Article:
The gas density was measured by a small ionization gauge (5) (photo). The filament was made of thoriated iridium. It was calibrated against a micromembrane manometer (6).
For the purpose of measuring the gas density in the collision chamber our ionization gauge, the filament of which was made of thoriated iridium, is an appropriate tool, at a vapour pressure of 2 x 10-5.
The main error source is the calibration of the ionization manometer by the Atlas-micromembrane manometer. The accuracy of this calibration is certainly not better than 20% (specification of Atlas Mess- und Analysentechniek GMBH, Bremen).
We found that for the halogens the gauge loses its linearity above 2 x 10-5torr. This was also found for chlorine by Shaw .
The ionization gauge was calibrated at 5 x 10-4torr, but we do not know if the gauge is linear up to that pressure.
This gauge was calibrated at about 10-3torr by an Atlas-type micromembrane manometer, which in turn was calibrated against a McLeod manometer.
[concession: Although NO2 is also very aggressive] the gauge is linear for this gas at least up to 10-4torr.
Curron reports a linear behaviour of an ionization gauge up to 10-3torr. For the other gases the linearity was checked in our laboratory up to 10-3torr by total elastic cross-section measurements.
Before entering the collision chamber the beam intensity is measured by a surface-ionization detector (4), (photo). If desirable the beam shape can be measured after collision by a movable surface ionization detector (9).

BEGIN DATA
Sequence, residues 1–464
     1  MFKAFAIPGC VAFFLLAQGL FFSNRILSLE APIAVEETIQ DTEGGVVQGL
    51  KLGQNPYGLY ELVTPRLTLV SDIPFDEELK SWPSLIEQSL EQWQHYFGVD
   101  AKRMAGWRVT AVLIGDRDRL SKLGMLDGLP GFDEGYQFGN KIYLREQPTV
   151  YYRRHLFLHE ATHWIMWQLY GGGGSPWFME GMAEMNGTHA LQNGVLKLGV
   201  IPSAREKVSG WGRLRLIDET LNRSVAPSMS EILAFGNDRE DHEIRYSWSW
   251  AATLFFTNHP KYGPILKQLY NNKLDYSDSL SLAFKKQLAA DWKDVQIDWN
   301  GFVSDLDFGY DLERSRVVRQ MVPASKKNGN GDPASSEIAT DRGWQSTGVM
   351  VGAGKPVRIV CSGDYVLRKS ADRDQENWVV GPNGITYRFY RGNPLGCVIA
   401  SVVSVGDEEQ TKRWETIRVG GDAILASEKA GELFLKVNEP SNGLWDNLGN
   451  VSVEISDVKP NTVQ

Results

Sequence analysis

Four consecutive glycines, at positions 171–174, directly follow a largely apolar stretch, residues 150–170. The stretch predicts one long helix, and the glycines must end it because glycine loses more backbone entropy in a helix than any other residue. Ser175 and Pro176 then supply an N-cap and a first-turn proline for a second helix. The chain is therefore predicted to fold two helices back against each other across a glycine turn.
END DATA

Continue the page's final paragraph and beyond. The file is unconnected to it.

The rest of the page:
The surface ionization detector consists of a 0.1mm hot iridium wire.
The stability of the wire The temperature of the wire was measured by a pyrometer and corrected for the emissivity Husmann. Although Ir has a high work function, about 5.4eV, Lacmann and Herschbach we sometimes had problems detecting Na and Li, especially in the low-energy range.
We found that we could overcome these problems by a procedure, similar to that used by Touw and Trischka. We treated the wire at a working temperature of 1325K in an oxygen bath of 1 x 10-5torr for 5 minutes. This treatment guarantees a stable high work function of the detecting wire for at least one day. which is essential for the detection of sodium and lithium.
Energy dependence of the efficiency It was checked that the efficiency of the detector was insensitive for small temperature changes around 1325K. This, however, does not guarantee an energy-independent efficiency. Reflection of atoms on the surface is possible at high energies (Politiek and Los) and hence the detection efficiency may be lower. Such an energy dependence was found by different authors Hollstein and Pauly, Hulpke and Schlier, Politiek and Los for potassium atoms above 3eV.
All the measurements presented here should be corrected by a factor (E) taking this effect into account. But, as the detection efficiency varies smoothly with the energy and because the energy range is not very large, it does not substantially affect the measurements.
The charged particles are accelerated with 4keV and focussed on a multiplier. What actual detector is typically used?
The noise level of the measuring amplifier is about 1 x 10-16A.